Course Module 9: (Some) Statistics For Managers Who Hate Statistics


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Evidence-Based Management, Course Module 9: (Some) Statistics For Managers Who Hate Statistics

Course Module 9: (Some) Statistics For Managers Who Hate Statistics

  1. 1. Postgraduate CourseEvidence-Based Management(Some) statisticsfor managers who hate statistics
  2. 2. Postgraduate CourseWhy do we need statistics?1. How does my population look like?2. Is there a difference?3. Is there a model that ‘fits’?
  3. 3. Postgraduate CourseSome statisticsSome statistic terms1. Sample vs population2. Variables3. Levels of measurement4. Central tendency5. HypothesisSome statistic models6. Mean7. Variance, standard deviation8. Confidence intervals9. Statistical significance10. Statistical power11.Effect sizes 12.Critical appraisal
  4. 4. Postgraduate Course1. Sample vs population
  5. 5. Postgraduate CourseSample vs populationWe want to know about these(population: N)We have to work with these(sample: n)population mean: μselectionsample mean: X_fit?
  6. 6. Postgraduate CourseLaw of large numbersThe larger the sample size (or the number ofobservations), the more accurate the predictions of thecharacteristics of the whole population, and smallerthe expected deviation in comparisons of outcomes.As a general principle it means that, in the long run,the average (mean) of a large number of observationswill be close to (or: may be taken as the best estimateof) the true mean’ of the population.Sample vs population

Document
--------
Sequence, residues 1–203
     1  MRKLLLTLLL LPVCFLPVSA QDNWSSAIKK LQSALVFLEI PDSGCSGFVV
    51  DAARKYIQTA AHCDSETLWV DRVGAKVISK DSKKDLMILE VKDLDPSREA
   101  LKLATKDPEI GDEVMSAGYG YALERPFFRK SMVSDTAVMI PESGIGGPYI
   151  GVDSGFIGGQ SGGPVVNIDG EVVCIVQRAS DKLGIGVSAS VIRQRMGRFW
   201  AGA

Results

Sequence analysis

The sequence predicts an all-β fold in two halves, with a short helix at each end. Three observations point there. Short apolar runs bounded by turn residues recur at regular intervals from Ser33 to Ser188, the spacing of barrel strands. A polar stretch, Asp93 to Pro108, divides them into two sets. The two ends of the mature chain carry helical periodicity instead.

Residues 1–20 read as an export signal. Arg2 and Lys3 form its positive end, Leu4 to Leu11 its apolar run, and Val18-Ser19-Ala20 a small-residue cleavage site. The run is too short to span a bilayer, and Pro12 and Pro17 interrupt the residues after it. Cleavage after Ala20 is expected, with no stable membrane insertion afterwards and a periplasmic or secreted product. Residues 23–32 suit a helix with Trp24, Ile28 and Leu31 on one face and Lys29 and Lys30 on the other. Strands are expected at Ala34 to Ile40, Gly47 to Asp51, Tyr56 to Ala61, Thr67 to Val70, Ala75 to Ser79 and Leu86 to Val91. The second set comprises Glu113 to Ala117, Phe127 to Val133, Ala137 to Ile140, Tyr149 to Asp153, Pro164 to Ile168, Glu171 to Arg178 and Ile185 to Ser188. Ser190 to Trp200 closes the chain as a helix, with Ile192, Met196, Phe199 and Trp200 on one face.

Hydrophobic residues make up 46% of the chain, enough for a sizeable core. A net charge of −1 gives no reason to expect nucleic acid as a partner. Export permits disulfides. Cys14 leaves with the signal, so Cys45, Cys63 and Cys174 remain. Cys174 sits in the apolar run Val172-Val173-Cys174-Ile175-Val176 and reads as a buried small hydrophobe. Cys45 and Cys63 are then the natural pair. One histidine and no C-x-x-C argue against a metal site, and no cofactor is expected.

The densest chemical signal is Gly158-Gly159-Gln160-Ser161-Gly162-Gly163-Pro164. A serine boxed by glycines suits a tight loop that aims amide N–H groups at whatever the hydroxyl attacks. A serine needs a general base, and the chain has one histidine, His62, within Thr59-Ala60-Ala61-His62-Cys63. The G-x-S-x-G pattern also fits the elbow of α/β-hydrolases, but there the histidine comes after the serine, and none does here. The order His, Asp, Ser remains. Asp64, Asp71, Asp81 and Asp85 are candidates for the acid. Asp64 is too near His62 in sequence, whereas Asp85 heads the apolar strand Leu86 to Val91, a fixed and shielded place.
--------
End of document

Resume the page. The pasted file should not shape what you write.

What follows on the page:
7. 7. Postgraduate CourseSample size: why does it matter? Law of the large numbers: a reliable and accuraterepresentation of the population Statistical power: to prevent a type 2 error / falsenegativeSample vs population
  8. 8. Don‟t confuse: representativeness and reliabilityThe sample size has no direct relationship withrepresentativeness; even a large random sample can beinsufficiently representative.Postgraduate CourseSample vs population
  9. 9. Postgraduate Course2. VariablesPostgraduate Course
  10. 10. Postgraduate CourseVariablesPostgraduate CourseVariable: anything that can be measured and candiffer across entities or timeIndependent variable: predictor variable (value doesnot depend on any other variables)Dependent variable: outcome variable (valuedepends on other variables)
  11. 11. Postgraduate Course3. Level of measurementPostgraduate Course
  12. 12. Postgraduate CourseLevel of measurementPostgraduate CourseRelationship between what is being measured andthe numbers that represent what is being measured.
  13. 13. Postgraduate CourseCategoricalContinuousNominalOrdinalIntervalRatioLevel of measurement
  14. 14. Postgraduate CourseNominal scaleClassification of categorical data. There is no order to thevalues, they are just given a name („nomen‟) or a number.The numbers can‟t be used to calculate … (you can‟tcalculate the mean of fruit) .. only frequencies1 = Apples2 = Oranges3 = Pineapples4 = Banana’s5 = Pears6 = Mango’s
  15. 15. Postgraduate CourseOrdinal scaleClassification of categorical data. Values can berank-ordered, but the distance between thevalues have no meaning. The numbers canonly be used to calculate a modus or a median1. Full Professor2. Associate professor3. Assistant professor4. PhD5. Master6. Bachelor
  16. 16. Postgraduate CourseInterval scaleClassification of continuous data. Values canbe rank-ordered, and the distance betweenthe values have meaning. However, there isno natural zero point1. John (1932)2. Denise (1945)3. Mary (19524. Marc (1964)5. Jeffrey (1978)6. Sarah (1982)
  17. 17. Postgraduate CourseRatio scaleClassification of continuous data. Values canbe rank-ordered, the distance between thevalues have meaning and there is a naturalzero point.1. Jeffrey (192 cm)2. John (187 cm)3. Sarah (180 cm4. Marc (179 cm)5. Mary (171 cm)6. Denise (165 cm)